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What is the difference between TIG, MIG, arc and oxyacetylene welders?

There are four main types of welding: MIG, TIG, arc and Oxyacetylene. Each differs in ease of use, accuracy, cost and finish, so it’s essential to ensure that you are proficient in the proper technique for the kind of work that you do.

If you're looking for new welding Tools and Supplies, our handy guide is here to give you a quick overview of each type, with their relative positive and negative aspects compared.

MIG Welding

MIG welding

Also known as gas metal arc welding (or GMAW), MIG welding uses a handheld gun to arc an electrode to the metals you are trying to weld, melting and forming a bond between the materials.

To protect the weld from oxygen contamination, you can either use a solid wire with an externally applied protective gas (most often a 25% carbon dioxide, 75% argon mixture) or flux core wire which, as the name suggests, has the protective flux on the inside.

Because this kind of welding uses an externally added metal, you are not actually melting and fusing the two metal points. This means you can use MIG to weld two different kinds of metal, which can be very difficult to achieve with other welding equipment.

MIG welding is one of the more straightforward techniques, and the equipment is not the most expensive. However, you do need to factor in the consumables (like the wire).

TIG welding

TIG welding, or gas tungsten arc welding (GTAW), uses a non-consumable electrode to heat and melt your materials, which are then manipulated or beaded with a dipper rod. This can be a supremely accurate type of welding, and experts can adjust the torch's heat with precision, meaning that a vast range of metals can be welded without the danger of destroying the target metals.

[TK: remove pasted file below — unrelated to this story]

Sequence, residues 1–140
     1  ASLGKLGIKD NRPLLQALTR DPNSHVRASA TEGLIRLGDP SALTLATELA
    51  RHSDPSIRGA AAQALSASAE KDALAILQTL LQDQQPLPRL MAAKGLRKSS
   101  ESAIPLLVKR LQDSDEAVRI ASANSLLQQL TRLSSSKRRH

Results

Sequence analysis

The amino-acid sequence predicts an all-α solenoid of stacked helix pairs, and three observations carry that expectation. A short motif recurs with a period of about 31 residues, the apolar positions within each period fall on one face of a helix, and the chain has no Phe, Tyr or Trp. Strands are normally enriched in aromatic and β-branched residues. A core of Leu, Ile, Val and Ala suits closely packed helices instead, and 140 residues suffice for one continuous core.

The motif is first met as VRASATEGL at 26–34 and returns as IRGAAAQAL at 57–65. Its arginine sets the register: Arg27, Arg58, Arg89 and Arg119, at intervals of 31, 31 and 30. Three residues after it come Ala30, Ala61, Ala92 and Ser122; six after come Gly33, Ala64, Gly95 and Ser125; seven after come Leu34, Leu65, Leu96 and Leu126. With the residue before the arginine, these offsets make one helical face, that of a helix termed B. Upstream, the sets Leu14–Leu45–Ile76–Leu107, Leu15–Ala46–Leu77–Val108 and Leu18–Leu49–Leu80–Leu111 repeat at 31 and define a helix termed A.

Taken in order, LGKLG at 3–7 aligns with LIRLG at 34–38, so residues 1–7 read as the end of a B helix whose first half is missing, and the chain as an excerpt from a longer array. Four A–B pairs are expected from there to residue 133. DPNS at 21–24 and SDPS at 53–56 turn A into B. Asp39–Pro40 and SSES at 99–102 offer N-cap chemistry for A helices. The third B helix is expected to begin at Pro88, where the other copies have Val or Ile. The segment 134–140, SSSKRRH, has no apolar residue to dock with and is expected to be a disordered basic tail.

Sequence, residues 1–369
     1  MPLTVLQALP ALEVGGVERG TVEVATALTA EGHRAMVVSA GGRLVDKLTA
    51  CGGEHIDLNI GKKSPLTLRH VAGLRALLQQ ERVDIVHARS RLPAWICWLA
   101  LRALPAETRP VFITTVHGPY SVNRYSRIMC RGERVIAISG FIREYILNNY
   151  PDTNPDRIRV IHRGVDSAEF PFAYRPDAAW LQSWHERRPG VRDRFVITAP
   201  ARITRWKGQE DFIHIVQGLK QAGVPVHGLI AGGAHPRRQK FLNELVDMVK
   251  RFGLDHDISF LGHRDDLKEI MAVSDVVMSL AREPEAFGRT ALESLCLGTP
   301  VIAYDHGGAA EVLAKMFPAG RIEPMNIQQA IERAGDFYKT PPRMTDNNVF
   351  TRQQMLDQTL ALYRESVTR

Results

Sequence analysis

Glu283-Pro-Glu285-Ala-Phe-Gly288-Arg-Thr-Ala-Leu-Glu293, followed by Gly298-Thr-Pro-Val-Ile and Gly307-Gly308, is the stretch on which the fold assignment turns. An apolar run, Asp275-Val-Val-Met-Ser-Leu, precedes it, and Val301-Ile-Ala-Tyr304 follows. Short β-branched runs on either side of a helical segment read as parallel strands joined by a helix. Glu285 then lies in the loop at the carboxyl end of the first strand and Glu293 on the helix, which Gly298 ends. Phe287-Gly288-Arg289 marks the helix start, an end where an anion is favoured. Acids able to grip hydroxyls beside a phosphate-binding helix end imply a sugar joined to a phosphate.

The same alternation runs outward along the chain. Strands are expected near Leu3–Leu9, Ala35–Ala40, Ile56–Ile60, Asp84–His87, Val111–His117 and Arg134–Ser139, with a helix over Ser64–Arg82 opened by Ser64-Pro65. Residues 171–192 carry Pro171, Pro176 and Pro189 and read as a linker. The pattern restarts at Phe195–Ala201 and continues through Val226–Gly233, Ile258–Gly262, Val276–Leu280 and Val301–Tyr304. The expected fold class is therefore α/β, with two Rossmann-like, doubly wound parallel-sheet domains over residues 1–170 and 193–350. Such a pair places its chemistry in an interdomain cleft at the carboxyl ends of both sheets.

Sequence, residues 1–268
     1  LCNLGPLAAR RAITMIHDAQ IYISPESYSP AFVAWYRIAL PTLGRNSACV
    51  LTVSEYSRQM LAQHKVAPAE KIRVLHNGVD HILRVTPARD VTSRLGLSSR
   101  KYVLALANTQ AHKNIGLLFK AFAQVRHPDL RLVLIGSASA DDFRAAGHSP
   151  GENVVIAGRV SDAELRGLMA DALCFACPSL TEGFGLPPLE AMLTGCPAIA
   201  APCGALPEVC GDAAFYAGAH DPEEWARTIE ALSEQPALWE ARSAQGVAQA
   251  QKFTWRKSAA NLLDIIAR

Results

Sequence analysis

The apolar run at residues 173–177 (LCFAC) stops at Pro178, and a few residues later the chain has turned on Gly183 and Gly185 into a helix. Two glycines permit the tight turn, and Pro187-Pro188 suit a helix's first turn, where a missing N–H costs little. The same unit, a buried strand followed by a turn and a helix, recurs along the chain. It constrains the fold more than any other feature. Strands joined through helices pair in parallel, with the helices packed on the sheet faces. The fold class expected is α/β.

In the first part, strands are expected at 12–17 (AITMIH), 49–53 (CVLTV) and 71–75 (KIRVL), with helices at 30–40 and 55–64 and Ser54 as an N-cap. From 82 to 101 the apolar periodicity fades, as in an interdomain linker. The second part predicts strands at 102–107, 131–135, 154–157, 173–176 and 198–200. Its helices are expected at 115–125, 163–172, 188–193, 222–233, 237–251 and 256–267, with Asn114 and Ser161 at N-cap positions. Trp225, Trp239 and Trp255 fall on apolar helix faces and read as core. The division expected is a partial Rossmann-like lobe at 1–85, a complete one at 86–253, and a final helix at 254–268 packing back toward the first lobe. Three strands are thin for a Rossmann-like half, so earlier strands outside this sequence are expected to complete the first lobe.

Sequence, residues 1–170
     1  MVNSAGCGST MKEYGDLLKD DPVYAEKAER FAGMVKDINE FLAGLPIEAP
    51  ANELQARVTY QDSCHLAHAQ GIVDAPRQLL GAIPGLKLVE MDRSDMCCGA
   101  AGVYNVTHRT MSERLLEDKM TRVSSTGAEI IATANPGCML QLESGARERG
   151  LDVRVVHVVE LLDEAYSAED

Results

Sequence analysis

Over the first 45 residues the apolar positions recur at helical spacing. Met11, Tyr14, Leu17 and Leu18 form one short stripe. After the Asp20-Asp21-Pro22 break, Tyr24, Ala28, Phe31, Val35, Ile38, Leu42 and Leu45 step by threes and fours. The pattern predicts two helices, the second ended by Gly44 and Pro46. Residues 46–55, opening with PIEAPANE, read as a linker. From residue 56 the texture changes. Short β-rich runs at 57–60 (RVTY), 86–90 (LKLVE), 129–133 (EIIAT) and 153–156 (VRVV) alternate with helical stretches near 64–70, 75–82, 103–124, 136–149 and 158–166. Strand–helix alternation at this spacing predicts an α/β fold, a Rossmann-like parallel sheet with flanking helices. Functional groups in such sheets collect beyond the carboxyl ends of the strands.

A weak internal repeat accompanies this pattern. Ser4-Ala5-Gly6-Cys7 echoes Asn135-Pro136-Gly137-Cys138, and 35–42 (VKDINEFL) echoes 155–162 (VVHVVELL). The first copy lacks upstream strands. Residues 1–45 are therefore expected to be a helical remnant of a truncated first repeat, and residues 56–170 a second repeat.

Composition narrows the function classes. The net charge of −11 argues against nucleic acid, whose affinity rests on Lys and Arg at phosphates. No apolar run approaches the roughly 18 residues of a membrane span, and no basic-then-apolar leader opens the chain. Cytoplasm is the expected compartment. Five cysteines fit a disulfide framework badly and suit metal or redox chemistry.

While initially designed without filler material, newer models and techniques with a TIG set-up can incorporate a filler, allowing you to weld different metals together.

The welds created by a proficient TIG welder are the most aesthetically pleasing of these four weld types, so this is the preferred technique when the finished appearance is an important factor.

This kind of welding requires an externally applied gas to protect from oxygen contamination. TIG welding usually uses helium or argon gases rather than carbon dioxide. Gas is the only consumable used, so you can better monitor costs and efficiently manage stock. TIG welding can be more challenging to master than the other types of welding we’re looking at.

Arc Welding

Arc welding

Arc welding, or ‘stick welding’, is similar to MIG welding in that a consumable electrode is fed to the target materials and then melted with electricity.

Arc welders do not need an external gas source, however, as the electrodes (or ‘sticks’) have a flux coating to prevent atmospheric gases from affecting the weld. Arc welding is tricky to learn, but it can give the strongest welds with the deepest penetrations — shipyards use this technique, for example.

The electrodes can be sourced in various metals so that arc welding can be used for a versatile array of target materials. This technique is also the most suited to welding in non-ideal situations — in windy areas and on rusted or dirty materials.


Oxyacetylene Welding

Oxyacetylene Welding

This kind of welding differs from the others in that no electricity is used to generate the heat to melt the target or filler metals. Instead, the welder uses an extremely high-temperature flame, generated by igniting a mixture of oxygen and acetylene. This is then applied to the target, which melts and can be fused to form a strong weld.

Oxyacetylene welding is a very versatile technique. You can use the same torch to cut, weld and bend as required. The technique is not difficult to learn but can be tricky to master, as the welder needs to learn to control the temperature and manually manipulate the weld bead.

For more workshop products, see our full range of Workshop Tools and Equipment.


Richard O'Connor's Headshot

Richard O'Connor is a Director at First Mats. He has deep knowledge in areas like Manufacturing, Warehousing, Marine, and Health & Safety. Richard's insights have been featured in well-known publications such as Bloomberg Business, The Sun, and Reader's Digest. His blend of industry expertise and passion for sharing makes him a sought-after voice in his fields.

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